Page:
The oldest instituted custom in the history of mankind is that of removing the hair from the face. Way back in scriptural times through the present age this custom has been in vogue, until a distinct branch of trade came into existence known as barbering. Among the perpetuators of this trade is the gentleman whose name heads this article. He conducts one of the most popular tonsorial parlors in this district. His place is next to the Plano House, and is elegantly furnished. A line of cups speaks in silent accent of the high esteem in which his services are held. He represents the Chicago Steam Laundry of Aurora. Packages left in his shop before 8:45 a.m. on Friday will be returned Saturday evening. Mr. Bapst was at Sycamore for nine years before coming here. He is an expert artist and an enterprising young man.

S. B. Jay, Artistic Horse Shoeing

There is an art in everything, and it is important to have your horse shod by only those who are skilled in the art of horse shoeing. It is not only a matter of economy that this work should be done well, but is also necessary for the comfort and good condition of the animal. In the shop of Mr. S. B. Jay, which business was established by him six months ago, we find a man who is expertly skilled in all details of the art. His experience of over thirty years has made him practical in every sense of the word. No matter how bad the animal's hoofs may be, he can speedily "put him on his feet again." By superior workmanship he is always adding much new patronage. Mr. Jay was located at Sandwich five years, and is a native of Kendall County. It is to the credit of any place to have such an able exponent in this important industry as Mr. Jay. We join with all lovers of the horse in wishing him a still larger patronage.

S. Normandin, Republican Nominee for Sheriff

The office of sheriff is one of great importance. It carries with it a responsibility that requires a man possessed with more than ordinary courage and judgement, as well as one who has the ability to properly dispose of the demands of the public. Furthermore, it is an office of trust, where, if a person wished to betray his constituents, all the laws and rules of justice would count for naught. Instead of being properly imprisoned and punished, fugitives would be at large to the peril of our families and us. In the Republican nominee for sheriff, Mr. Samuel Normandin, we not only have an honest and honorable gentleman, but one who knows not what fear is, and whose sterling qualities are familiar to us all. His long term in office as Deputy Sheriff makes him in every way efficient for the place. He will be promoted from Deputy to Sheriff at the November election. He did not seek the office, but his many friends, who are ever true to him, begged and persuaded him to accept the nomination. Without attempting the difficult feat of forecasting the political future, the statement may safely be made that Mr. Normandin's career in the world of politics has not yet reached its zenith. If honesty of purpose, independence of character, fearlessness of judgement and broadmindedness of the highest type count for anything with the people of Kendall County it is a foregone conclusion that his election is certain.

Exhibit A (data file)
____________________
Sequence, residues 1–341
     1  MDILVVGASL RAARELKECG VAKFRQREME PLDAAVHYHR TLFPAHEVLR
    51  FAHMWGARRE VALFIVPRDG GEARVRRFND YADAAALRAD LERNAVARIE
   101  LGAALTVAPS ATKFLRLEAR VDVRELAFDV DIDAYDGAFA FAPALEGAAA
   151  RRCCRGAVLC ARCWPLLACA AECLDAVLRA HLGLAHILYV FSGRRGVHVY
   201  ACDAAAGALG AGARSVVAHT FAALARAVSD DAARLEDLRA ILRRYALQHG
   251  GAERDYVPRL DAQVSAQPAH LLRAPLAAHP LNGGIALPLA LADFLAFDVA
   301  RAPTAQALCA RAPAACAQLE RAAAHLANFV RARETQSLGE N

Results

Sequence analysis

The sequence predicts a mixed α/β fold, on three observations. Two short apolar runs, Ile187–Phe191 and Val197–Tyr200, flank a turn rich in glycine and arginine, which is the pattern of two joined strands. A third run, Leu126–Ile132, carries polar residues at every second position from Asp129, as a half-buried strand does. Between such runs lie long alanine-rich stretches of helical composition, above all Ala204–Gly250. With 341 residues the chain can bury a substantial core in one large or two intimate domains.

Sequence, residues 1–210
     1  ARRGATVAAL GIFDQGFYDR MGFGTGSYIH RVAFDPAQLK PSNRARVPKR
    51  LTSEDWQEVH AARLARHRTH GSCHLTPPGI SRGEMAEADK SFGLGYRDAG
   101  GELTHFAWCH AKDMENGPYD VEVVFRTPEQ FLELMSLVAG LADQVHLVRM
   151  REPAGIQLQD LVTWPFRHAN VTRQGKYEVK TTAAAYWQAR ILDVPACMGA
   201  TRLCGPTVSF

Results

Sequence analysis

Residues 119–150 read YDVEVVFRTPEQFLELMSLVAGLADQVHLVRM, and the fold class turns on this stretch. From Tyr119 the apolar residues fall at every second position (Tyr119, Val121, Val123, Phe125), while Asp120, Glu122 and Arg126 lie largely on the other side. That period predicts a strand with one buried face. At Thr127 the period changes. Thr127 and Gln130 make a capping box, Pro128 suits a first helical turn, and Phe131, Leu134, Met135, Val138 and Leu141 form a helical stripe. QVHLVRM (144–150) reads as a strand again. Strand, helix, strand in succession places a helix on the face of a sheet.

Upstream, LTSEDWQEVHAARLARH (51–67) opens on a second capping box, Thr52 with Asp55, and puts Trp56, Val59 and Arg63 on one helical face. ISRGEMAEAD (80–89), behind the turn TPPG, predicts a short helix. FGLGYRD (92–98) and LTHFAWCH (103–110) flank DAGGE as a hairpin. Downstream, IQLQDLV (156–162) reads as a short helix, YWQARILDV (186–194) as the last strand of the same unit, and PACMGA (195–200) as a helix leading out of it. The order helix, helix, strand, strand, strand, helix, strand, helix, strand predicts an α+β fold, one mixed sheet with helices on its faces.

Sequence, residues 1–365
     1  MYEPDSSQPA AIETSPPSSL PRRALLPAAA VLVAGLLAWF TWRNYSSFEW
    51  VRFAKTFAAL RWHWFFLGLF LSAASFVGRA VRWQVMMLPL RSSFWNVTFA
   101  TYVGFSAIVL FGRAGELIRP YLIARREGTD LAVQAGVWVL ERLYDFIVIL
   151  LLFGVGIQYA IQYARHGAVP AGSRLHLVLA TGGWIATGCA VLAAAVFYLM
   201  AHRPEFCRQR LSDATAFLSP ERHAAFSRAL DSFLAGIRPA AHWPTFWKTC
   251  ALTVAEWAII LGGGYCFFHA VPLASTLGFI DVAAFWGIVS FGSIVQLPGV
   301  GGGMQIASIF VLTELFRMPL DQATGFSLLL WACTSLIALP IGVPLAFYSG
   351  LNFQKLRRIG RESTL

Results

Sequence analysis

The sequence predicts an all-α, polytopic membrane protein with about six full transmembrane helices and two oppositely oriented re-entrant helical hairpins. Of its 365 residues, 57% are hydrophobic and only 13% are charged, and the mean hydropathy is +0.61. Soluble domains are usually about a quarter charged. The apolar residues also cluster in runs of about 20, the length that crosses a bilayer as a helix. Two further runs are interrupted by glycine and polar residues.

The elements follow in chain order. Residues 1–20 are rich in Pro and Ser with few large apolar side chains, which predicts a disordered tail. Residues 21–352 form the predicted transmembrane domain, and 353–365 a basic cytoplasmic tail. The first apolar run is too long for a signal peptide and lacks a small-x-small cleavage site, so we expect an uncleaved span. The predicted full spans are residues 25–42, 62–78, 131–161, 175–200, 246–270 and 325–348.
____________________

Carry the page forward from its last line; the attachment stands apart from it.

Judge H. S. Hudson

The Republican nominee for County Judge of Kendall County has served his fellow men all his days. Hardly any word of praise could be deemed extravagant. He was born at Worcester, Mass., and admitted to the bar in 1851. During the years 1856 to 1862 he practiced in Chicago. From Chicago he moved to Oswego and remained until 1865, when he was elected County Judge. In political life, Judge Hudson has attained decided success without the sacrifice of self respect or of any qualities that should be dearer than the highest measure of success as sometimes estimated. No better proof of his ability and the manner in which he has administered justice could possibly be presented than the fact that he is now presiding on this eighth term, or 32nd consecutive year in the office for which he has been nominated to succeed himself. It will be interesting to his friends and constituents to know that our venerable Judge Hudson has been presiding longer than any individual in the entire state with only one exception. He has tendered the re-nomination without opposition. At the coming November election, a handsome majority will again elect him.

Clarence S. Williams, Candidate for County Treasurer

The Republican nominee for County Treasurer was born in Cook County, this state. At an early age his parents moved to Newark, where he received his education, and has resided there ever since. He has been prominently connected with the business interests of our county. He is one of the most prominent young men in his town, having attained the highest standing both in social life and with his business associates. He has always evinced the liveliest interest in matters pertaining to the public welfare. His brilliant mental attainments and genial disposition have won him highest regard among all classes. He is recognized by all as a young man of strictest integrity of character. Mr. Williams has always taken a deep interest in politics, and keeps himself informed on all questions. He is a young man of high ideas, believing firmly in the principles of "government of the people and by the people." Naturally, he has always been one of the warmest adherents and supporters of the Republican Party. No better choice could have been made, and if elected the people of the county may be sure that the office will be conducted on strict business principles. It is needless to say that Mr. Williams will fully appreciate all efforts and support on his behalf, from whatever quarter.

H. Obermeyer, Sample Room

This establishment was started by Mr. Obermeyer in 1889 and has always been conducted in a first-class manner. He came here from Naperville in 1884 to engage in the manufacturer of cigars. He still does some business in that line. Mr. Obermeyer keeps a thoroughly equipped bar with pure native wines, imported and American liquors and beers; also a full line of choice cigars and soft beverages. In stock is found the justly renounced "Schlitz beer that made Milwaukee famous," which is brewed from pure hops, and the celebrated Guckenheimer and Quaker rye whiskies. The best people all through the section, will vouch for the good treatment, and orderly conduct at all times, patronize the resort. Mr. Obermeyer has many friends throughout this section.

I. Dow, Sample Room

Mr. I. Dow is well known to everybody in this neighborhood and requires no introduction. His place is located in Shults' building and is always conducted in a strict and orderly manner. Wines, liquors and cigars of the choicest and best brands only are kept in stock. Among which are Schiltz's beer, both bottled goods and keg beer, "Old Special" and "Private" whiskies and Geneva gin, which is recommended by physicians. Mr. Dow came in possession of the business last spring, but had been employed by his predecessor, Mr. Shults, for several years. No expense has been spared to make this a resort of the highest character, and all admirers of fancy concoctions can be satisfied here. Mr. Dow enjoys a good patronage and is well liked by the boys.



Last Modified on 2012-12-20 01:53:11-0600 CST by Elmer Dickson